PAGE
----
Effects of the KIBRA Single Nucleotide Polymorphism on Synaptic Plasticity and Memory: A Review of the Literature
Laetitia C. Schwab,
Chelsey L. Clarke,
Pradeep J. Nathan.
There has been a great deal of interest recently in genetic effects on neurocognitive performance in the healthy
population. KIBRA –a postsynaptic protein from the WWC family of proteins– was identified in 2003 in the human brain
and kidney and has recently been associated with memory performance and synaptic plasticity. Through genome-wide
screening, a single nucleotide polymorphism (SNP) was detected in the ninth intron of KIBRA gene (T→ C substitution)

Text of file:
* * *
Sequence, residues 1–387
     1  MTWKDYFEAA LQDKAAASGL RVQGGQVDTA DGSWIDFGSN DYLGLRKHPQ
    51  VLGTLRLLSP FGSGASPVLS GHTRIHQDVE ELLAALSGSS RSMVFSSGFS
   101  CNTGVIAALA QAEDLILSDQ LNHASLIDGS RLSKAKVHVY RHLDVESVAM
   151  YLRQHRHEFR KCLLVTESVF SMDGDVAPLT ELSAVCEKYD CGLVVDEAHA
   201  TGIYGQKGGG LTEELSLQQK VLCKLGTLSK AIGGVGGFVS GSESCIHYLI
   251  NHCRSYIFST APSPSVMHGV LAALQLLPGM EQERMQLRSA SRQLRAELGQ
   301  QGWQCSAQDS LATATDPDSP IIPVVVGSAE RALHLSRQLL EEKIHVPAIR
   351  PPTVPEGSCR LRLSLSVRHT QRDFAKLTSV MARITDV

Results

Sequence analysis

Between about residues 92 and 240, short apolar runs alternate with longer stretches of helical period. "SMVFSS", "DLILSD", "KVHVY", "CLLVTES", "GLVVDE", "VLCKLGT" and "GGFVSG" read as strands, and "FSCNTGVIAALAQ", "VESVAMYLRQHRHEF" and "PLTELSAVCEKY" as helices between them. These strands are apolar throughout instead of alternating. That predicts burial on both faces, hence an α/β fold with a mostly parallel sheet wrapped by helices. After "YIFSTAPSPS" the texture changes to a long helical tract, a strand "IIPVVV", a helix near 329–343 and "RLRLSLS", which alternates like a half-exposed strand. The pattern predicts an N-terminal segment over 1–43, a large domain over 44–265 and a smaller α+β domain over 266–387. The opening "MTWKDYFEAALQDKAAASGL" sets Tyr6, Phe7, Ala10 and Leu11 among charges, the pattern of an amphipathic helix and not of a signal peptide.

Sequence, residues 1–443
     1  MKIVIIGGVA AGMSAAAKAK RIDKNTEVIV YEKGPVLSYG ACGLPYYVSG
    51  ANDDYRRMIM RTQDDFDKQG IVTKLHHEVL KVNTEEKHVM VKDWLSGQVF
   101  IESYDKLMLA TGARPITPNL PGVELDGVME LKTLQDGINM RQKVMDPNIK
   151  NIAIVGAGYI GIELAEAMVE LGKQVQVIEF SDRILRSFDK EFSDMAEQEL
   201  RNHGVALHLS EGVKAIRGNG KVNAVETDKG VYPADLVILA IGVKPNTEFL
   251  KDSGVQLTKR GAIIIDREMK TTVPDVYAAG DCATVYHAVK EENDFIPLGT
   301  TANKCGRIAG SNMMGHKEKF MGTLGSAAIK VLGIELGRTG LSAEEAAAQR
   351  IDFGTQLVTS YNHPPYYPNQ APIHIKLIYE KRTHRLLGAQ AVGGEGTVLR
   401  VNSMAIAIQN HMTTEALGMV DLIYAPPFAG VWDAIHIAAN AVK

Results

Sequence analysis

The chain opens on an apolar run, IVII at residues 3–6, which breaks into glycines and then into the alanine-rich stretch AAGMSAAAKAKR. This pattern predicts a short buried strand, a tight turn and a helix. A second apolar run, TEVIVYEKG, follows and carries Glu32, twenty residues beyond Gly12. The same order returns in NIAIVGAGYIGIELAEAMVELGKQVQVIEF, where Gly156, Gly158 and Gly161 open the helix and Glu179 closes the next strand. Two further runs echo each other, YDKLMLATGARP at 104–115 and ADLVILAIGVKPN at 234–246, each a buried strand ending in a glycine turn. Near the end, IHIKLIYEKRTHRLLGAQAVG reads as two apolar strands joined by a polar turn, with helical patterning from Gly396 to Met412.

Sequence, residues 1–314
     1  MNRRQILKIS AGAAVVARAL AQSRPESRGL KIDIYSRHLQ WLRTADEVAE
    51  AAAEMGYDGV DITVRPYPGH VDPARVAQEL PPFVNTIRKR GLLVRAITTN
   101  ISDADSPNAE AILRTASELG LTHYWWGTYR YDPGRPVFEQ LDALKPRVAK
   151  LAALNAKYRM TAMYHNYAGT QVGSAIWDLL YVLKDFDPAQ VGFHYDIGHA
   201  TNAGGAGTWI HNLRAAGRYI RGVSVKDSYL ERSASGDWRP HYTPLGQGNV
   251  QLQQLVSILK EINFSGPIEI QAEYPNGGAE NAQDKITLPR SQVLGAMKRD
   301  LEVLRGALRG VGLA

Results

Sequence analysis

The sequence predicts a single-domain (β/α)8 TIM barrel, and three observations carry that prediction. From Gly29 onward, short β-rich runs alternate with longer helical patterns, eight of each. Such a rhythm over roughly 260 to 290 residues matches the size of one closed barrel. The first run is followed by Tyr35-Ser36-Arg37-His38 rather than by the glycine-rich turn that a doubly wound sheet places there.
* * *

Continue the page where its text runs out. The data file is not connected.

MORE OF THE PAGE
and was implicated in human memory and the underlying neuronal circuitry. This review presents a synopsis of the
current findings on the effects of the KIBRA SNP on human memory and synaptic plasticity. Overall the findings suggest
impaired memory performance and less efficient or impaired hippocampal/medial temporal lobe (MTL) activation in CC
homozygotes (in comparison to T carriers) with some differences between young and older subjects. This review also
highlights limitations and potential sources for variability of studies’ imaging findings along with future perspectives and
implications for the role of KIBRA in memory-related brain systems.
Keywords: Cognition, episodic memory, fMRI, genetic polymorphism, KIBRA, synaptic plasticity.
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